LAS Week 2022 at UW-Eau Claire is October 18-25
No events are currently scheduled, but you can view the full calendar here.
Each year, the university brings additional attention to its LAS program through a celebration that highlights the culture, history, politics, economies and peoples of Latin America. LAS Week is also a time to celebrate Blugold successes, share research and disseminate information about the program itself.
Typically held in mid-late October, the week of celebration has previously included an interesting array of programs, performances and panel discussions meant to bring awareness to the current events of Latin America. All events are open and free to the public.
What happens during LAS Week?
The line-up of events and speakers varies greatly from year to year, but you can expect to hear presentations regarding current political and cultural situations in Latin America; topics about or of importance to Latinx/Hispanics in the U.S.; and events designed to entertain and educate. You will also find below a link to an album of images from photographer Mark Aumann.
Artist statement from Aumann:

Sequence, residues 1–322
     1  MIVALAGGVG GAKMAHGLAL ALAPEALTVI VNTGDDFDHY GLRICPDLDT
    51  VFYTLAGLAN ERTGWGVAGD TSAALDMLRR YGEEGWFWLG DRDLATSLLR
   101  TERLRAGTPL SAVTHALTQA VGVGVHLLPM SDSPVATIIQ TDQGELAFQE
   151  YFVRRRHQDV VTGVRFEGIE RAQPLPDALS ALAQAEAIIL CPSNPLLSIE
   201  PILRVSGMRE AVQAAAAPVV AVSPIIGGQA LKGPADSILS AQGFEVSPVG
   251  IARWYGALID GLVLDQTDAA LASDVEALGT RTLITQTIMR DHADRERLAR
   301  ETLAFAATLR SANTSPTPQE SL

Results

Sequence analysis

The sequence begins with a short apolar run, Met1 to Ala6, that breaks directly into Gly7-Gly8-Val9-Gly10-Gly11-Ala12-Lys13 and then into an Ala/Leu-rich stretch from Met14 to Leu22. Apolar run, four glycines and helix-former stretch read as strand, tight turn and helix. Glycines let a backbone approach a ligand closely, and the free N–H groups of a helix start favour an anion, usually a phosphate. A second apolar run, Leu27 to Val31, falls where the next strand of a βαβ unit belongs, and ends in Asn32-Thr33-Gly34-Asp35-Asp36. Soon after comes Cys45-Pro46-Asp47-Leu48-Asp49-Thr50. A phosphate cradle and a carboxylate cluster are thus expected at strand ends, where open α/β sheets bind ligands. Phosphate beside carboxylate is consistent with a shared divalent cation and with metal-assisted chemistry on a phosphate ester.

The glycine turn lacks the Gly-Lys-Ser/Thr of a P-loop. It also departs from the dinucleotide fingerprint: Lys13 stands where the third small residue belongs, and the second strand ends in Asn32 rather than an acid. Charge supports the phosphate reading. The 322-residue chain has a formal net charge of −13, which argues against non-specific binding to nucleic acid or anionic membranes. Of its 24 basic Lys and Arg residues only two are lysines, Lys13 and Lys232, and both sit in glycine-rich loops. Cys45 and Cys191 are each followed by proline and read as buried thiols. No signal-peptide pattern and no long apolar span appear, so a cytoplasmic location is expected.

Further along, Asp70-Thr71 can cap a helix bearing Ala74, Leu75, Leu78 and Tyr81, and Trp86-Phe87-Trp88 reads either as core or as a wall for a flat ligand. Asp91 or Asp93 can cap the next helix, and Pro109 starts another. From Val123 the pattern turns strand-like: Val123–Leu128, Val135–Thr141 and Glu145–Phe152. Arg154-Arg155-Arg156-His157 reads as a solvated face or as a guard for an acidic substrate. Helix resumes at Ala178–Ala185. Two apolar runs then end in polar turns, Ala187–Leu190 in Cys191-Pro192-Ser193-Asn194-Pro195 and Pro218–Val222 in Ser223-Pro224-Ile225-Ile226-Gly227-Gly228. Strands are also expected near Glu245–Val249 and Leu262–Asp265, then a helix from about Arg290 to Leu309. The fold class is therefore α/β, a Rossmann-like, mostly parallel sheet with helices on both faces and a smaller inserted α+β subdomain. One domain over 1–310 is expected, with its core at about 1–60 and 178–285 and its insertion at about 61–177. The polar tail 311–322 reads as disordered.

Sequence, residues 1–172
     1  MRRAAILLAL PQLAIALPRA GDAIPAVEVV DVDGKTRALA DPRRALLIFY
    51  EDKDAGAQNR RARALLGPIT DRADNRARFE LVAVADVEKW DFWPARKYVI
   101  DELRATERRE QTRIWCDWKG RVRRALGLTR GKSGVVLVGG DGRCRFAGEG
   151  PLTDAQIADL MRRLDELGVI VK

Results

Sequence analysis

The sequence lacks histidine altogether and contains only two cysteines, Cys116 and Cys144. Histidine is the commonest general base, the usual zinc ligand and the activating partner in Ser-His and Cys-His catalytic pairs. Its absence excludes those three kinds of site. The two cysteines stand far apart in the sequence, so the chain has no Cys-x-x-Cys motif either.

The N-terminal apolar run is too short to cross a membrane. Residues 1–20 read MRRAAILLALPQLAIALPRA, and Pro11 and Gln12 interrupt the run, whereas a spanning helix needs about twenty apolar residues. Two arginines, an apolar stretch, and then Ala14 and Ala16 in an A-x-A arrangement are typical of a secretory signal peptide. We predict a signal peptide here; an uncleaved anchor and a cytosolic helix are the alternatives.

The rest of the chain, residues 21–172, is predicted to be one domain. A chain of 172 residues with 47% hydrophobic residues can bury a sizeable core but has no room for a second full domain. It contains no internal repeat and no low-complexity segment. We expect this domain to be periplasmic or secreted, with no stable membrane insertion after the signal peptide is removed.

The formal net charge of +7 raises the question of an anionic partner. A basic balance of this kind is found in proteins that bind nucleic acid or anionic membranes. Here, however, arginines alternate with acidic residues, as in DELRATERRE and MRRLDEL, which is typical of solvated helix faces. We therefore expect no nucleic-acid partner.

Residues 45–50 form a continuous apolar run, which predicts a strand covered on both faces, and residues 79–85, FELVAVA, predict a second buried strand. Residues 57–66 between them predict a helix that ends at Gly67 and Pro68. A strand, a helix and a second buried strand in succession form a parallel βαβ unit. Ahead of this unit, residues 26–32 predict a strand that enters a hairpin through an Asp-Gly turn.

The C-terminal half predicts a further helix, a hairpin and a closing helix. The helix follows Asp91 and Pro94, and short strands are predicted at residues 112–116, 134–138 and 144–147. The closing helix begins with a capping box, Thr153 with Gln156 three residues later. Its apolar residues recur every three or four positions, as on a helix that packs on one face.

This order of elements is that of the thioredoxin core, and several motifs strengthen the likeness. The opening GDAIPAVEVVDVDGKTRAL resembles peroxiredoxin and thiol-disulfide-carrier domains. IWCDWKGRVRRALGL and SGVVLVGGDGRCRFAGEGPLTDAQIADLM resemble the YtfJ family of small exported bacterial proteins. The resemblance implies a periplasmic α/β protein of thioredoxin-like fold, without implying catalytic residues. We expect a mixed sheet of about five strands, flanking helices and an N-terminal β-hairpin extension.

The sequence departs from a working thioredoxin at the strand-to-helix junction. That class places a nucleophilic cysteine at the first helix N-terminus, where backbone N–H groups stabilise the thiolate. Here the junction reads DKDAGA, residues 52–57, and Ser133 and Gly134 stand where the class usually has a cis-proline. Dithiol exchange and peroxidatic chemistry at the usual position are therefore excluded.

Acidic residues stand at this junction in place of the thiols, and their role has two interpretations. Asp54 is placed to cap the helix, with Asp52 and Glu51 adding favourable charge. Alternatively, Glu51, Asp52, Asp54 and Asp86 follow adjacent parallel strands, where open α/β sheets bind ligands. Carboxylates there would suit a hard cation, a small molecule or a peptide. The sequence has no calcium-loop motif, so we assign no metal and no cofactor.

Farm to table is an environmentally conscious movement to support local producers through direct connections in our communities. Membership in Community Supported Agriculture (CSAs) is an example of this model of sustainability. Sadly, for most US consumers, out of sight out of mind is the operating principle when it comes to the production, distribution and consumption of our food.
This is especially true for farmers, market vendors, food service workers and dispossessed indigenous peoples beyond our borders. There is a global crisis in farmland, and unless we realize the extent to which we are all connected, we run the risk of further catastrophic desecration of life on the planet.
There are many reasons we are seeing scores of economic refugees and political asylum seekers amassing at the US southern border, including a failed immigration system, drug cartel and gang violence, unrelenting climate change and drought, depressed commodity prices and punitive trade policies. Tragically, this human suffering has become more acute than ever no thanks to the fear and racist hate being stoked for political gain.
With this gallery I hope to introduce some of the people who bring us our food, whether they be impoverished peasant farmers struggling to survive in Latin America or fearful migrant farm workers living in the shadows right here in Wisconsin.
These images were captured in Argentina, Belize, Colombia, Cuba, Dominican Republic, Guatemala, Mexico, Nicaragua, Panama and Wisconsin.